Betula populifolia know as the Gray Birch. It is distinguished by its dull white bark that is not papery or peeling. The bark becomes rough and more gray as it ages. The leaves are 2-3" in length with a long pointed tip, making it triangular. The leaves turn a pale yellow in the fall. The tree bears a cylindrical fruit with coneline clusters that are densely hairy. These tree are common to the New England area.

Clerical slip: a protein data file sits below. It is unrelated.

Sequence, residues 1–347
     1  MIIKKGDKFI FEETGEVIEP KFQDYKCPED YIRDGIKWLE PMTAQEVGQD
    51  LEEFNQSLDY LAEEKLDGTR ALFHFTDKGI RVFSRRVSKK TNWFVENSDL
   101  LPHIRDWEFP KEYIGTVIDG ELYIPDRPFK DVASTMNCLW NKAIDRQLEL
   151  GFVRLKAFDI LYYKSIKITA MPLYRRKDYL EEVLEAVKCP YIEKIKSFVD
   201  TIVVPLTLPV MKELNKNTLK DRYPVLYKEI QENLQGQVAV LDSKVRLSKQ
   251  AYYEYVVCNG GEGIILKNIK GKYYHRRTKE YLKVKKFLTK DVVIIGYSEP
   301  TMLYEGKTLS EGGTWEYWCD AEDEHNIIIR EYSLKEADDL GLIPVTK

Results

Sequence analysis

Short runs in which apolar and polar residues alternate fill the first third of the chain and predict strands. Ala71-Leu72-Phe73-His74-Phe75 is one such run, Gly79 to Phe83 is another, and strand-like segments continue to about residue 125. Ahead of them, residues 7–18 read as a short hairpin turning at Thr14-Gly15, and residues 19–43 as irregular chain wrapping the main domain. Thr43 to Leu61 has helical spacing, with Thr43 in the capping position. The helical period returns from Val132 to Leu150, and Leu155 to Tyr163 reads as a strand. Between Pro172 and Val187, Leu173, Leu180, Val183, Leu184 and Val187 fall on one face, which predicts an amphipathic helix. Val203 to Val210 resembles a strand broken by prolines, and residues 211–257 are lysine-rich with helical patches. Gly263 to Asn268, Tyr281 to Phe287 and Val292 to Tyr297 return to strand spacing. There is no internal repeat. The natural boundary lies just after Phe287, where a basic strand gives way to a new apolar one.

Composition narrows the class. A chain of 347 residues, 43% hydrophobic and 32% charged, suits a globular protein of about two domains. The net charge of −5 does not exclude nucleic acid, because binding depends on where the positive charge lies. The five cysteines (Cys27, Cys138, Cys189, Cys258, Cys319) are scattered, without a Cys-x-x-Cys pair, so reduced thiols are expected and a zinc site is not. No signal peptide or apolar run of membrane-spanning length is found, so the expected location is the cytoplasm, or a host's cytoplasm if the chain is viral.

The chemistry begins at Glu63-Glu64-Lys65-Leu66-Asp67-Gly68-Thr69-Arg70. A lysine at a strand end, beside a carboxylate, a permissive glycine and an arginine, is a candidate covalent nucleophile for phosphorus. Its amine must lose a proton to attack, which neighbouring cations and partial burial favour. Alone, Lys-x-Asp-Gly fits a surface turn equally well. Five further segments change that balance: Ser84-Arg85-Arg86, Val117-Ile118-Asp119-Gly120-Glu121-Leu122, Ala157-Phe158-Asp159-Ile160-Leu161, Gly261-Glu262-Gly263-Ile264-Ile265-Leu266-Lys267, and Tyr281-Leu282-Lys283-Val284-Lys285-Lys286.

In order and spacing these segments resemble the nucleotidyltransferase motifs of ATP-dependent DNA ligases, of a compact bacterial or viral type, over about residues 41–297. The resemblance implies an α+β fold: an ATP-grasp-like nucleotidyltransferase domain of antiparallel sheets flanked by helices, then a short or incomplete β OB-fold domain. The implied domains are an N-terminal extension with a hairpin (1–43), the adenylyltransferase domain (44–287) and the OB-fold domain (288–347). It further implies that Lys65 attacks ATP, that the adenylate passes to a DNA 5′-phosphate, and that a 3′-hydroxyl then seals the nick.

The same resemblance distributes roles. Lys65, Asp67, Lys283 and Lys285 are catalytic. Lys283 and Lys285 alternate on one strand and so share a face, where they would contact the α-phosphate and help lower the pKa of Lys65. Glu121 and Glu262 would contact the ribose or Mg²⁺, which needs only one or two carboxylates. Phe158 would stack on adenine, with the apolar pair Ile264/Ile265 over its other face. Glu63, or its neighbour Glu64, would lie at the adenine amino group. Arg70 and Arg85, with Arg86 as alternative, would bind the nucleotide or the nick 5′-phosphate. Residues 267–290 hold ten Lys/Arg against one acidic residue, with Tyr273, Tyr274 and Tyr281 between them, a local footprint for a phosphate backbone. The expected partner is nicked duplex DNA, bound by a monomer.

Fun fact: Gray Birch can grow in barren or polluted areas where many trees would not survive. Examples would be areas of mining spoils, dredging, or excavations. It acts as a soil stabilizer so that other species can begin to grow.